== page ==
5 January 2018Print This Post

“World first” online arbitration platform launches

The Cloud: The new way to arbitrate

An online platform, described by its creator as “the only one in the world” to allow arbitrations to be conducted entirely on the internet, has launched with a pilot personal injury scheme.

Solicitor Tony Guise said his platform eARB was handling over 20 cases as part of a pilot scheme developed by the Personal Injury Claims Arbitration Service (PlcARBS) and launched in November last year.

Mr Guise said a dozen claimant personal injury firms were involved, including Slater & Gordon, Hodge Jones & Allen, Shoosmiths and Minster Law, alongside defendant insurance specialist Clyde & Co and insurer AXA.

He said there was no reason why the system could not build up the caseload to the “low thousands” over the next five years, though its focus was on cases worth over £25,000.

“This is a way of avoiding the high costs and well-known problems of the litigation system,” Mr Guise said. “It’s got off to a good start.

“From start to finish, everything can be conducted in the Cloud. It’s possible to have paperless hearings, with interlocutory applications by phone and everyone accessing the documents online. Options for saving money and speeding up justice are here now.”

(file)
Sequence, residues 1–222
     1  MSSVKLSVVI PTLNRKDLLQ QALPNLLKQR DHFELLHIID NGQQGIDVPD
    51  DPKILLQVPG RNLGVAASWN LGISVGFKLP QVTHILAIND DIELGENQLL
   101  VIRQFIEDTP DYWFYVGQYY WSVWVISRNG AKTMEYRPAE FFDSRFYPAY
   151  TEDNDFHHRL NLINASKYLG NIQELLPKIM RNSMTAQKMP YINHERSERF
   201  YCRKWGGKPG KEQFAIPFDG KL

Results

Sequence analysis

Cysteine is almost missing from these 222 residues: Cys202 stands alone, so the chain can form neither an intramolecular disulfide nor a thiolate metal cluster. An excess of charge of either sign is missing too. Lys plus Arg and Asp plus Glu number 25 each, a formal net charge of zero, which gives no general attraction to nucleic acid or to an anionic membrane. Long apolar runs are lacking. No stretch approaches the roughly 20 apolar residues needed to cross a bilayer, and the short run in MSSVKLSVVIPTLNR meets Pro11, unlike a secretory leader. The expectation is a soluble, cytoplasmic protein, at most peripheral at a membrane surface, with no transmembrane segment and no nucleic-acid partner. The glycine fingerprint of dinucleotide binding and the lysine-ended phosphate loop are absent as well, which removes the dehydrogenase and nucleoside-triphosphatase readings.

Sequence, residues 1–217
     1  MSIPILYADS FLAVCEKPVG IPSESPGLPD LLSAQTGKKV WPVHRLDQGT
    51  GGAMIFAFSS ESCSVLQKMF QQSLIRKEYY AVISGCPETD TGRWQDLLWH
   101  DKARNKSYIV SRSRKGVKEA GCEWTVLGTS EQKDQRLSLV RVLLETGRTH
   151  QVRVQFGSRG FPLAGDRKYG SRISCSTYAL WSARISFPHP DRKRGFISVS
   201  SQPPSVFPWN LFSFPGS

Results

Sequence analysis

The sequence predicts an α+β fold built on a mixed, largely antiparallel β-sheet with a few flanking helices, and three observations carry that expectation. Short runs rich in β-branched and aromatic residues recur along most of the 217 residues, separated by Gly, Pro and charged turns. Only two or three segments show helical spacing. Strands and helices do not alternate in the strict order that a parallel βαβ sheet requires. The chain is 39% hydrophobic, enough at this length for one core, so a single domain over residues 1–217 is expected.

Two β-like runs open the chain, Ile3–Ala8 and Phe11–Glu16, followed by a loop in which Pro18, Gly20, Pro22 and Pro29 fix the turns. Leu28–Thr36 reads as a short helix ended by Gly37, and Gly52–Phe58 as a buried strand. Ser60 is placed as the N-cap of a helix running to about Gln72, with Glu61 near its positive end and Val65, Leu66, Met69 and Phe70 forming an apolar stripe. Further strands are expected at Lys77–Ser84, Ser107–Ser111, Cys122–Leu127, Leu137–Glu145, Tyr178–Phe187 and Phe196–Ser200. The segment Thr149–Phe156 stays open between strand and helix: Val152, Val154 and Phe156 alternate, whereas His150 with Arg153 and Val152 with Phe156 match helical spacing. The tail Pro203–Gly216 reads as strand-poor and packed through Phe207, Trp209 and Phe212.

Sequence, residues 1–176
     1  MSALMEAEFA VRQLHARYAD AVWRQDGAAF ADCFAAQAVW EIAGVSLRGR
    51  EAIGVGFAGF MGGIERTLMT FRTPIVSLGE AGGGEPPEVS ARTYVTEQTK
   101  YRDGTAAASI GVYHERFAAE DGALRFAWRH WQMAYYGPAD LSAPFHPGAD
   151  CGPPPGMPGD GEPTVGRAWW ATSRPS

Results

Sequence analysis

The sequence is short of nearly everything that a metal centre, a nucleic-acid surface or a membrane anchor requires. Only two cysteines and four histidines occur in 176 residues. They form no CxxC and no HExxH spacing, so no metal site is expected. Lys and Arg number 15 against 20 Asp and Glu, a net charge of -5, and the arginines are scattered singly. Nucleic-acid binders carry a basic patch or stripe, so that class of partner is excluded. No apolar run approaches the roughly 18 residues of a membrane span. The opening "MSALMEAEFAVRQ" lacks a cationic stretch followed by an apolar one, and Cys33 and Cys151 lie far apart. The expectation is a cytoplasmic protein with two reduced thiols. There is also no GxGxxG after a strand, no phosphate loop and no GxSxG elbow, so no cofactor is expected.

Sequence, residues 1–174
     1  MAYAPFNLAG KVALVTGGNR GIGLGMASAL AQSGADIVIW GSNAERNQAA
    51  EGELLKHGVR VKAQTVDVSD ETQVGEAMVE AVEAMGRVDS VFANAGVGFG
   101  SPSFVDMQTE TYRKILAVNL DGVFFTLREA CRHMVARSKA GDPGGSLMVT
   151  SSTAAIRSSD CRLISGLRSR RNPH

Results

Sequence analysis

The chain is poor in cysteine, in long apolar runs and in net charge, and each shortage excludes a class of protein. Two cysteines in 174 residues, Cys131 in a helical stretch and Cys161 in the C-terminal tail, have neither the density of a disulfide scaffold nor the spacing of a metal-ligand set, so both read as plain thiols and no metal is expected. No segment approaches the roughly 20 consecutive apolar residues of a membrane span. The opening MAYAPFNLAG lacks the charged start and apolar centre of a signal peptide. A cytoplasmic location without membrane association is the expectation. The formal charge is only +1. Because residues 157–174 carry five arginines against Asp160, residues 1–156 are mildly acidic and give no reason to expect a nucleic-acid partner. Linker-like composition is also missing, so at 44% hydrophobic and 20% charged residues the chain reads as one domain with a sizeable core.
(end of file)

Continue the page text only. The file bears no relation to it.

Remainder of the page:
Mr Guise said service could be carried out by email, and a redacted form of rulings would be published on the platform, so case law could be built up – an issue that senior judges had mentioned in recent speeches.

The solicitor said he had approached NHS Resolution, which was looking at the arbitration scheme alongside its own mediation scheme for medical negligence cases.

Mr Guise said eARB was also “in discussions” to set up a service for commercial arbitrations, and he was having a further meeting with the Institute of Family Law Arbitrators later this month.

He said that after closing his City law firm in 2016, he had concentrated on his work as director of eARB, and spoken to arbitration centres across the world, including Singapore, Paris and New York.

“You would think they already have this kind of thing, but they don’t.”

He described the development of online dispute resolution in the UK as a disappointment and said he did not think the online courts initiative would have an impact on arbitration.

“There’s no real threat to us from online courts, and they’re highly unlikely to get going. There is very little happening at the moment.”

PIcARBs was set up by personal injury silk Andrew Ritchie QC in June 2015, designed particularly for cases worth over £50,000.

By Nick Hilborne

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